What is it?
Being a premium, mid-sized SUV, the Mercedes-Benz GLC is in a hugely popular segment with rivals coming out of its ears. There’s competition from fellow premium German firms BMW and Audi, Italian flair with the Alfa Romeo Stelvio, and eco-friendly Japanese quirkiness in the Lexus NX, to name a few.
To stand out from the crowd, it offers lots of variations, with petrol and diesel engines, a ‘coupe’ variant, and high-performance AMG ‘63’ versions. We’re testing it in typical SUV form here though, with the popular entry level diesel engine.
The GLC was overhauled in early 2019 when it received a variety of upgrades to make it a more enticing option for buyers. Key upgrades were mostly technology-focused, such as the latest MBUX infotainment system, which has integrated voice control, satellite navigation and touchscreen multimedia displays, as well as advanced assistance systems.
Mercedes has also tried to give it a slightly sportier look on the outside, while retaining the ‘strong off-road character’ buyers expect from cars in this segment. What that translates to is chrome pieces that add more premium appeal with chunky body panels.
What’s under the bonnet?
We’re driving the 220d variant, which uses a 2.0-litre, four-cylinder diesel engine that makes 194bhp and 400Nm of torque. More importantly for this model though is its economy, which is recorded at between 47.9 and 40.9mpg – figures that were bang on during our time with the car.
Despite being the least powerful engine in the line-up, the 220d is no slouch – the 0-60mph time of 7.7 seconds is evidence of this fact. It’s far from hot hatch fast of course, but you’re never left craving more when darting into gaps in traffic, with more than enough oomph on tap in general driving conditions.
What’s it like to drive?
While performance is far from pedestrian, the GLC 220d is not a car that encourages a yobbish driving style. In fact, if you’re spending a lot of time in the car, it’s actually one of the most relaxing vehicles in the segment, encouraging sedate cruising. It’s almost a cure for road rage.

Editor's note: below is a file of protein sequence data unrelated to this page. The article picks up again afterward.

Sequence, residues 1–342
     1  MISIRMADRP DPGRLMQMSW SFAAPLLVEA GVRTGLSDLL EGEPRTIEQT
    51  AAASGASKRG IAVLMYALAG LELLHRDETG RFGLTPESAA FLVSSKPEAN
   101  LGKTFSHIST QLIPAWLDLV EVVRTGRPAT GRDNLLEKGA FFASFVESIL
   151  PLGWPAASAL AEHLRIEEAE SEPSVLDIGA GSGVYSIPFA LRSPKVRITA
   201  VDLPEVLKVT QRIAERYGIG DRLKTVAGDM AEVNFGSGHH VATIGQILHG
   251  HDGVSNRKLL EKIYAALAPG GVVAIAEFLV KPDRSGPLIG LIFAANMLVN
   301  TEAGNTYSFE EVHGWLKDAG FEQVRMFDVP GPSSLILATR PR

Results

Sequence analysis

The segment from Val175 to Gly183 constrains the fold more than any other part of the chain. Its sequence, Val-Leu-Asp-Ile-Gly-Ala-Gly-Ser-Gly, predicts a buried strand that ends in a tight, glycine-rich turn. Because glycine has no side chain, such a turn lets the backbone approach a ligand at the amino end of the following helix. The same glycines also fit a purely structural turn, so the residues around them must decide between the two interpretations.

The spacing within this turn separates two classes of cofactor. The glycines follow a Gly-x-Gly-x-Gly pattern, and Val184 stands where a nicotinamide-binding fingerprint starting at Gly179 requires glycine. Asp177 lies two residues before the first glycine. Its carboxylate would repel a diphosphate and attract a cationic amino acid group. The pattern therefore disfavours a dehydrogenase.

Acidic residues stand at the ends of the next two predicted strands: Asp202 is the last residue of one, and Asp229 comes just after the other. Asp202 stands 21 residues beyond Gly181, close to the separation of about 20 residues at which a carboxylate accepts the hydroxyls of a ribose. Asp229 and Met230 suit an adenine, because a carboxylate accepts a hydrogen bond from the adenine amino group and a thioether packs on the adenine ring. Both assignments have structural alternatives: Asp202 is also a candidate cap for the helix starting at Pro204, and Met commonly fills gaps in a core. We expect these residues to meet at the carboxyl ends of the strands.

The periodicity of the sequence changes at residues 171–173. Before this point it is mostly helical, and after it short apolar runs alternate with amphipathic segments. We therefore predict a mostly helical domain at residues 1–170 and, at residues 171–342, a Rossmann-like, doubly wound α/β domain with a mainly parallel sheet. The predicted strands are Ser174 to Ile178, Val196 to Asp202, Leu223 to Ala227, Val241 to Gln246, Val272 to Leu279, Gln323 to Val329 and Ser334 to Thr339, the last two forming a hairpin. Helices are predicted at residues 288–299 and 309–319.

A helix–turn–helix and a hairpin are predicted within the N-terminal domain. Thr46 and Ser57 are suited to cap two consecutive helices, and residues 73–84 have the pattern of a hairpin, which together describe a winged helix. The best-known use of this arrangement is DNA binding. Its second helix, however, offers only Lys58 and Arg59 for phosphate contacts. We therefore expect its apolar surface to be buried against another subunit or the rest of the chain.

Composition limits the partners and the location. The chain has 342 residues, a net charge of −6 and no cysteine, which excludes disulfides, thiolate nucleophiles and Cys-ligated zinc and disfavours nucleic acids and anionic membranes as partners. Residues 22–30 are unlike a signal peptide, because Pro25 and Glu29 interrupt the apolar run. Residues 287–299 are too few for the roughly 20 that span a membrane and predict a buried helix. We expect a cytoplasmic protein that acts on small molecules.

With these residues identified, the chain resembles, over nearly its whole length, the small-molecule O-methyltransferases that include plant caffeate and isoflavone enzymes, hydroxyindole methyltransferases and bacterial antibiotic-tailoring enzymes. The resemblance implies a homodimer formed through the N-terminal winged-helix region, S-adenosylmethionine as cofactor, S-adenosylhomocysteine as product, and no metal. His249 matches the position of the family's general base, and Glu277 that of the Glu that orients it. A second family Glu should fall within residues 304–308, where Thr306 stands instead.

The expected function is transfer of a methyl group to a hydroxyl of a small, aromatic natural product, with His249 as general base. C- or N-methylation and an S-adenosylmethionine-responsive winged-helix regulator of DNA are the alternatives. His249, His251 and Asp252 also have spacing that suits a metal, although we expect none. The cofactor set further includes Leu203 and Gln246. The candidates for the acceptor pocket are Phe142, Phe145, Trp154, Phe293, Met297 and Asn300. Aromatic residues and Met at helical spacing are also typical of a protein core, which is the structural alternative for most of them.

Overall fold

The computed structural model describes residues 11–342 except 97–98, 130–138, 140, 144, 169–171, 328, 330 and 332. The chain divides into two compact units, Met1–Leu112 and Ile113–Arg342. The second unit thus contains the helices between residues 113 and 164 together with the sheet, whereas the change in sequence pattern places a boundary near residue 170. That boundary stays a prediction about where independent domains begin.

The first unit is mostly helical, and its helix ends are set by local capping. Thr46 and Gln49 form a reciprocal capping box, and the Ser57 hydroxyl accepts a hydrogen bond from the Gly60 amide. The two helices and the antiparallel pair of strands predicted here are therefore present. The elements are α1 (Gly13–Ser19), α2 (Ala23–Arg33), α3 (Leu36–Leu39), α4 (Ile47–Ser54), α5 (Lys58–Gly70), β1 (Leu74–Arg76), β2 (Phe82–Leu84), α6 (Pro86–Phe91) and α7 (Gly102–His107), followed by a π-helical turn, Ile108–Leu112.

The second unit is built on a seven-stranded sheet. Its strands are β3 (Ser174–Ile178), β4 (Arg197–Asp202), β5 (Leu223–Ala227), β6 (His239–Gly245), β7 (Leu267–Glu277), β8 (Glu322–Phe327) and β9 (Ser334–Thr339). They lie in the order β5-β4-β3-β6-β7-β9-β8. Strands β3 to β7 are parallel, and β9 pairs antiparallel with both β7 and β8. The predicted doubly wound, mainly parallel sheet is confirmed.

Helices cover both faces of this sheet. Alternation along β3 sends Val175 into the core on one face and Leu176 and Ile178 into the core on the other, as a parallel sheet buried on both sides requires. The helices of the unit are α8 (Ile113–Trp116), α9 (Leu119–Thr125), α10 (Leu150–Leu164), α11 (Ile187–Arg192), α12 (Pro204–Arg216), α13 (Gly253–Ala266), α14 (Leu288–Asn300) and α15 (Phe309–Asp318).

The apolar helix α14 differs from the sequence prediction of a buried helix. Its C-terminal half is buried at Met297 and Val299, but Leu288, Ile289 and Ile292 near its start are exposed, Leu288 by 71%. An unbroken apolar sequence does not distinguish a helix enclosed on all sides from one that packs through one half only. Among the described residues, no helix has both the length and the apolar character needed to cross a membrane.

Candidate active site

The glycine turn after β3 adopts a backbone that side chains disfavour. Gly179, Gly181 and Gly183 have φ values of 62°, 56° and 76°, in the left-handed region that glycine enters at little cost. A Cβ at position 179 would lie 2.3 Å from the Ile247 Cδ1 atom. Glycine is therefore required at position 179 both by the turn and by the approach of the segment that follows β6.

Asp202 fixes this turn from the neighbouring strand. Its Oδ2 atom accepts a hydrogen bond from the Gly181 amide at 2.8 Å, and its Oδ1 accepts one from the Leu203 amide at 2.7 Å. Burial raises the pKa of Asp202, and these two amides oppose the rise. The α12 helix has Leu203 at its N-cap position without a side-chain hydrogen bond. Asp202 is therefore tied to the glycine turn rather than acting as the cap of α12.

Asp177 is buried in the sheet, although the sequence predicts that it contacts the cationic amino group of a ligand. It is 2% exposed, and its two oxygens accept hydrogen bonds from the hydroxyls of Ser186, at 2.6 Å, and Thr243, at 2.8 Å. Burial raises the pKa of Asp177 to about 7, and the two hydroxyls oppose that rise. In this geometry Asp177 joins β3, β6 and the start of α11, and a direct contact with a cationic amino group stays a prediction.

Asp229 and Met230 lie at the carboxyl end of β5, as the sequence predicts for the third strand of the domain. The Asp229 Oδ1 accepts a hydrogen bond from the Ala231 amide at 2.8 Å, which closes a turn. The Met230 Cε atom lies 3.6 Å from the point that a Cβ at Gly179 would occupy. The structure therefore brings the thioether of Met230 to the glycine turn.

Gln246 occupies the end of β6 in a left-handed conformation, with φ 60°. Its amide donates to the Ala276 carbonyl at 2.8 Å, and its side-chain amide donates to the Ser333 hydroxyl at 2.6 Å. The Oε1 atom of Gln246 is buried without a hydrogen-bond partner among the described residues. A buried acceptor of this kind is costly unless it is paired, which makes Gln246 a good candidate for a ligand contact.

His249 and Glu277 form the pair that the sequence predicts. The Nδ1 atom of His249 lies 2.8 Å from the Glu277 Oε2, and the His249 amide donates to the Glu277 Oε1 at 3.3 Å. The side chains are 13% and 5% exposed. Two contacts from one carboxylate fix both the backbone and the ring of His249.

A lot of this comes down to the ‘Agility Control’ comfort suspension, which soaks up bumps on the motorway to make even concreted sections feel like carpet. It’s helped by the fact this Sport trim example gets 18-inch wheels with chunky tyre sidewalls to further soak up imperfections. The tradeoff here though is that it can be rather unwieldy in corners, while particularly broken back roads can unsettle it into a sustained wobble.
How does it look?
If you’re not really into cars you’d be forgiven for thinking all SUVs look the same these days – with strict safety regulations to follow, they all tend to follow a similar theme. That’s true of the GLC, which doesn’t have many design flourishes to make it stand out from the crowd.
However, that’s actually where its appeal lies. Especially in Sport trim with its modest wheels, it’s not too showy, yet still cuts a sophisticated figure. There are few of the sharp creases that have become the trend in modern car design, instead sporting plenty of soft features that give off an understated class.
What’s it like inside?
Mercedes has long been known for offering high quality cabins in their vehicles, but until recently it could be argued that the design felt a bit fussy and less elegant outside of the firm’s more expensive models. However, it has done well to simplify the design and up the material quality across the range, and the GLC benefits here.
The steering wheel material is soft to the touch, the centrally mounted infotainment screen is crisp to look at with modern graphics and impressive responsiveness, and the centre console has enough buttons to keep important functions in reach without overdoing it. At night, too, the interior lighting creates a relaxing and premium ambience, too.
What’s the spec like?
The GLC range starts with our test car, the 220d 4Matic Sport, at £39,295. Standard equipment is generous, with privacy glass, LED headlights and chrome trim on the outside, and the pleasant interior lighting package, heated and electric front seats, climate control and leather upholstery all included.
On-board equipment includes DAB digital radio, satellite navigation, voice activation, and various safety kit and driver aids. Optional extras fitted to our car included a trailer coupling with trailer stabilisation (£750) and Obsidian black metallic paint (£685), which brought the overall price just shy of £41k.
The Mercedes-Benz GLC is one of those odd cars, in that its appeal comes from the fact it’s largely unremarkable. However, that’s not a negative, it’s rather that it has managed to find the Goldilocks formula in everything it tries to achieve, with its comfortable ride, impressive equipment levels and general premium aura.
If you’re looking for a family friendly SUV that’s fun and full of character steer clear, but if you want something that oozes quality and delivers a serene and cosseting ride, the GLC should be top of the list.